Yes, for the most part, I do agree with the comments below. LHINs are long-term investments; right now, it’s slightly too early to measure the gains and judge whether or not to ‘scrap’ it or not. For that reason, I found it utterly absurd that the PC and NDP parties are thinking of getting rid of it completely, if elected. To me, that’s ignorance on their behalf. Instead of trying their best to improve the current situation, all they plan to do is obliterate it and pretend as if LHINs never existed before.

    As Peter and Don alluded to, I believe it’s important that leaders of a higher caliber serve on the boards of LHINs. I agree that right now, LHINs are not able to operate at its full efficacy due to the unduly overpowering control the hospital boards have on the governance of our health care system. So, I think there needs to be greater incentives set in place to attract highly competent community/business leaders to the boards of LHIN – only then will Ontarians will see the benefits of an integrated health care.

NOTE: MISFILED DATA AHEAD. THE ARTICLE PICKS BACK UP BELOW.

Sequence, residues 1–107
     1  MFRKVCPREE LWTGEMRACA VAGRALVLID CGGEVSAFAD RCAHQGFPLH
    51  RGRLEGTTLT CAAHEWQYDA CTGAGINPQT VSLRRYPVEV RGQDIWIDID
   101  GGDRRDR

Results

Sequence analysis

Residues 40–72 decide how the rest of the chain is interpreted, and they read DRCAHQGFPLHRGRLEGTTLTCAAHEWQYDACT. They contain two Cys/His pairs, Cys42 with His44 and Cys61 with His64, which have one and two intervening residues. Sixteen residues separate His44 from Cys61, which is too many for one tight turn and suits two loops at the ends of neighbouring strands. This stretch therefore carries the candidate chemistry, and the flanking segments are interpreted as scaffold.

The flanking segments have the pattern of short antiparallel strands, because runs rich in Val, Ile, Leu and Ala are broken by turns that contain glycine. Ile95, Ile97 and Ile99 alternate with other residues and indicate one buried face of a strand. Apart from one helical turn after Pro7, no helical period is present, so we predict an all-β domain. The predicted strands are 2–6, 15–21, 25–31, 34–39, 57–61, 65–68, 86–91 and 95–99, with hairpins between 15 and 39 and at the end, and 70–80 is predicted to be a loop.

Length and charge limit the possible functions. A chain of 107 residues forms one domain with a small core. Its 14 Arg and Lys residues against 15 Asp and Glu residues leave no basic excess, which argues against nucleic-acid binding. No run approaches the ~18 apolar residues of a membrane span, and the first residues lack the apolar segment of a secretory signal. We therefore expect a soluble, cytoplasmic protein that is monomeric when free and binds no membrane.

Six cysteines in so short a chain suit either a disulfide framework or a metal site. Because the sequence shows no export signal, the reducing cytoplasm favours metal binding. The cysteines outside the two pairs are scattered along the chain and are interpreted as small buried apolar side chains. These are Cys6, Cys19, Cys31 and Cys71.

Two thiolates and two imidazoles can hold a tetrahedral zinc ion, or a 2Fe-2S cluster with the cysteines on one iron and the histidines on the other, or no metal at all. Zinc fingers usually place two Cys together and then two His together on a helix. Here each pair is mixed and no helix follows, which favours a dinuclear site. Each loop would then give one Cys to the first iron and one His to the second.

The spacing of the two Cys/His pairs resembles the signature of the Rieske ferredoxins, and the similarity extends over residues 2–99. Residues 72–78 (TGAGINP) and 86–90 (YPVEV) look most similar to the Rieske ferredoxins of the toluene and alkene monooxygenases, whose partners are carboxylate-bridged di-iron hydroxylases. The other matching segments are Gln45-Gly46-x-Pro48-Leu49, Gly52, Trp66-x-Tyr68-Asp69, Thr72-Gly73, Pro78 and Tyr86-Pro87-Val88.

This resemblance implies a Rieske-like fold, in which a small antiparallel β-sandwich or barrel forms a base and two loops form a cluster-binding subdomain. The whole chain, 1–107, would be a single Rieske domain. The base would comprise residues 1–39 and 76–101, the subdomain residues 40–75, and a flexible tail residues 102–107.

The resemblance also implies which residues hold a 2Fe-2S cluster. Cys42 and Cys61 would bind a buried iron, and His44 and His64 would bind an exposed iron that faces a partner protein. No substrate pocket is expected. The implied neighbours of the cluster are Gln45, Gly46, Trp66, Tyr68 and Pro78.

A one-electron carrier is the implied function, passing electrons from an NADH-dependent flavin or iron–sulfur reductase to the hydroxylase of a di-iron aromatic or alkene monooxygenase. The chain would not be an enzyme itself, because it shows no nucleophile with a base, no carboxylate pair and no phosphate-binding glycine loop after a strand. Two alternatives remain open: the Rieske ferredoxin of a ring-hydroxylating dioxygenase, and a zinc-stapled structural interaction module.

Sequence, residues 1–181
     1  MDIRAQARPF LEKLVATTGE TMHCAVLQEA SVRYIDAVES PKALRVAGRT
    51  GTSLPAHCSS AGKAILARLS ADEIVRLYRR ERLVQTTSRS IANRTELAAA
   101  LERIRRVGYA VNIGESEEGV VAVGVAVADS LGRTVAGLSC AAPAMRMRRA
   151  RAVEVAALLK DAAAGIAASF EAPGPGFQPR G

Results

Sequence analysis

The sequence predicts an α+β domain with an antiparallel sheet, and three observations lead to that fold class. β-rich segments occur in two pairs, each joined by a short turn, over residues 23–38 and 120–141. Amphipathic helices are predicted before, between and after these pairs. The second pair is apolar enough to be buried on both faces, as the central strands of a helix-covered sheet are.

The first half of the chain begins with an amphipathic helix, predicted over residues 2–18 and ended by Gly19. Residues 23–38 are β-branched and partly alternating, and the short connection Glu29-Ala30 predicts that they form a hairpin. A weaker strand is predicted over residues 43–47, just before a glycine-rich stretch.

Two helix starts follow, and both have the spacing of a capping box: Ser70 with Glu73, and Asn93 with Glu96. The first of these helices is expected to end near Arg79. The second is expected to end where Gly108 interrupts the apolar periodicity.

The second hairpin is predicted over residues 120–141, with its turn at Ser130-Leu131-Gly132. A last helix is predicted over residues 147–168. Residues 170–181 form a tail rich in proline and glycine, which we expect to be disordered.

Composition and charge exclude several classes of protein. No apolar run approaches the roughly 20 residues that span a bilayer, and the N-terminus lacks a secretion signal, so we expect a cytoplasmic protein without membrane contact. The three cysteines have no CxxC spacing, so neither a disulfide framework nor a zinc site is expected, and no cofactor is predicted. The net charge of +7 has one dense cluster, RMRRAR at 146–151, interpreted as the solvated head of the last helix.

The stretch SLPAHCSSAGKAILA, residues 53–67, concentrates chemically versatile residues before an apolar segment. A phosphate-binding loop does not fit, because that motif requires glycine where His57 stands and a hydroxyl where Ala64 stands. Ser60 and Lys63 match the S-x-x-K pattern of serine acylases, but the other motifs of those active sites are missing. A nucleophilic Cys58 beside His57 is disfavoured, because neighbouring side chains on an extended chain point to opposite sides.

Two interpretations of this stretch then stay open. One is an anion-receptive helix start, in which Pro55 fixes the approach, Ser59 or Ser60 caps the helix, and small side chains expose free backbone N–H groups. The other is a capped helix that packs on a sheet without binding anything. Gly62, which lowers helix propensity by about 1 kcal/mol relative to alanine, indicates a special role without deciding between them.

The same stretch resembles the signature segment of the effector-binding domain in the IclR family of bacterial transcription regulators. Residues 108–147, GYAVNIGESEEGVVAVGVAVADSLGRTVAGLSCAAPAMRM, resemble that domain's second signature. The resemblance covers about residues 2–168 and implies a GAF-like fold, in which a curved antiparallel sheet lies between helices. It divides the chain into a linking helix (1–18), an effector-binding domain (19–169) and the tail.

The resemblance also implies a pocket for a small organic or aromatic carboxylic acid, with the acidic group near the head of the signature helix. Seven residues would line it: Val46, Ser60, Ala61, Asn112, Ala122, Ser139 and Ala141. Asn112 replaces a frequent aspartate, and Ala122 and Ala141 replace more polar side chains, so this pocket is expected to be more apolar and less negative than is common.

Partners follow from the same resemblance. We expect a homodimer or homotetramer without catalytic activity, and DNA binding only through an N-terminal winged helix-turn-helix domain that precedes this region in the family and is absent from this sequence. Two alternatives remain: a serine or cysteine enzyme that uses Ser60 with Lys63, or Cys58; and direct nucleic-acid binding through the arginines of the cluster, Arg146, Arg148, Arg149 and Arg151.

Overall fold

• ImPatient for Change says:

    The LHINs do not have Authority of Regional Health Authorities in other provinces to accept patient complaints about hospitals and investigate them.

    Hospital autonomy doesn’t work for patients because it allows hospitals to deal with patient complaints internally without patient appeal. One example of how this failed was the Native man who was beaten up by the security guards at St. Mike’s hospital while they hurled racial epithets at him. It turns out there had been other complaints about their security and that the hospital had dealt with them internally. Nothing changed until the hospital was embarrassed in the press. We need external review of patient complaints, as soon as possible.

    We also need a fully transparent regional system which is held accountable with legal sanctions if it fails to represent the public interest.

    Your article outlines many of the arguments very well, but there should have been another option on the survey:

    Do you think that LHINs have the right structure and mandate?